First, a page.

it 'configures servers and databases' do
  expect_task('configure').with_params('autoupdate' => true)
  expect_task('configure')

  run_plan('configure_twice', 'targets' => 'servers')
end

When the test is run, BoltSpec matches the first run_task invocation to both mocks, but uses the last matching mock: expect_task('configure'). When the plan invokes run_task a second time, the invocation only matches one mock: expect_task('configure'). The test fails because the expect_task('configure') mock is only expected to be matched once and the test never used the first expect_task('configure').with_params('autoupdate' => true) mock.

Writing the test with the mocks in the opposite order results in the test passing:

it 'configures servers and databases' do
  expect_task('configure')
  expect_task('configure').with_params('autoupdate' => true)

  run_plan('configure_twice', 'targets' => 'servers')
end

Execution modes

Plans often execute sub-plans with the run_plan function to build complex workflows. When testing these plans, it might be helpful to execute any sub-plans as well without needing to stub or mock the plan. To support this, BoltSpec offers two different execution modes:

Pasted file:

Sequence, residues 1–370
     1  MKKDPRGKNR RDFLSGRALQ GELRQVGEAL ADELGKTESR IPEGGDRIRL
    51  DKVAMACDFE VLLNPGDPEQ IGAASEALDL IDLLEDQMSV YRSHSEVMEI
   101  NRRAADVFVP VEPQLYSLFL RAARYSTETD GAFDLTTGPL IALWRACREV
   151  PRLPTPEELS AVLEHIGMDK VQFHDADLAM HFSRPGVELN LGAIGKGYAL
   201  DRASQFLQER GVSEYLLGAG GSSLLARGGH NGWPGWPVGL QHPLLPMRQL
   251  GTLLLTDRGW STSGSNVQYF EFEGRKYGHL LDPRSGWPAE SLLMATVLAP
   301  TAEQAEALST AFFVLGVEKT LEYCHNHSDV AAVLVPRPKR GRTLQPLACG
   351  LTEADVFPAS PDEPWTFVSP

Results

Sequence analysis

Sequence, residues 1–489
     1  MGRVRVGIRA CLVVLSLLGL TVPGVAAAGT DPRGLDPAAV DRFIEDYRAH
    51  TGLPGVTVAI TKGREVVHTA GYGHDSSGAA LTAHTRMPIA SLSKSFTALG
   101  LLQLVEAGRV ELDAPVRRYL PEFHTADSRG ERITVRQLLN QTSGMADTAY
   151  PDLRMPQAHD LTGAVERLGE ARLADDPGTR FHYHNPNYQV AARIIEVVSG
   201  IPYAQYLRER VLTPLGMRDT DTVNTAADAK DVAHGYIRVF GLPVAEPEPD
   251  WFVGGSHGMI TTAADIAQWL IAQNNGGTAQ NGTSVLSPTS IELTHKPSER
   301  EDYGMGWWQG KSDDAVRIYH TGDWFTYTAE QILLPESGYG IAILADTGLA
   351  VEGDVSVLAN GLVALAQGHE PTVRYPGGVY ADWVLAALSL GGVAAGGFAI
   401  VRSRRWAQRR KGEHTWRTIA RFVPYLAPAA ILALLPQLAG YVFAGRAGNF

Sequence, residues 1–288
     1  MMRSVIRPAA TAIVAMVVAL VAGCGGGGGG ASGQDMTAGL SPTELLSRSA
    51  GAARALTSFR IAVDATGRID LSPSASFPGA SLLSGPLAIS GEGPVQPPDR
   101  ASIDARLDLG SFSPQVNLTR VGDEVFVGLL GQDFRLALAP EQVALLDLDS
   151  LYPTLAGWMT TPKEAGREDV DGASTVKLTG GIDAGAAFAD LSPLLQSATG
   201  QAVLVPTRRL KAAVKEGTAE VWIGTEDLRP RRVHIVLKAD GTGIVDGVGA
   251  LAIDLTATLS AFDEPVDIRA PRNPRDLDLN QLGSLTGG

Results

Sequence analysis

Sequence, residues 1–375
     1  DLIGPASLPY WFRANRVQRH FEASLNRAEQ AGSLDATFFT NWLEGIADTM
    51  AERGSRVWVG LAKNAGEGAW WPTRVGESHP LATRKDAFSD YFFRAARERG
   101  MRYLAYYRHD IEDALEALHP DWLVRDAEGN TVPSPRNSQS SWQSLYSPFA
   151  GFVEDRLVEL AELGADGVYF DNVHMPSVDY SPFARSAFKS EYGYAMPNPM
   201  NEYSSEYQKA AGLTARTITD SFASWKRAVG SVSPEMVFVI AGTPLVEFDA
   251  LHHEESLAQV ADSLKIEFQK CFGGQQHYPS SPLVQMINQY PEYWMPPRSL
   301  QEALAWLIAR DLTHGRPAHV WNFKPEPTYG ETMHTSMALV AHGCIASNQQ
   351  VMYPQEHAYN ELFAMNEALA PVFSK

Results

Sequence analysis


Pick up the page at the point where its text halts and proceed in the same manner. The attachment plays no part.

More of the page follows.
• execute_any_plan

    Default mode. When running in this mode, BoltSpec runs any plan invoked with therun_plan function as long as that plan is not stubbed or mocked. If a plan is stubbed or mocked while running in this mode, BoltSpec honors the stub or mock and does not execute the plan.

  • execute_no_plan

    If a test is run in execute_no_plan mode, BoltSpec does not run any plan that is invoked with the run_plan function. If BoltSpec encounters a run_plan function and it is not stubbed or mocked, the test fails. This mode is useful for ensuring that your plan is not running any unexpected sub-plans. Test authors should stub or mock all sub-plans that might be invoked during a test.

You can set the execution mode by invoking the appropriate function in your tests.

For example, to set the execution mode for a single test:

describe 'my_project::my_plan' do
  it 'executes a task without running sub-plans' do
    execute_no_plan

    # Test code . . .
  end
end

You can also set the execution mode for multiple tests:

describe 'my_project::my_plan' do
  before(:all) do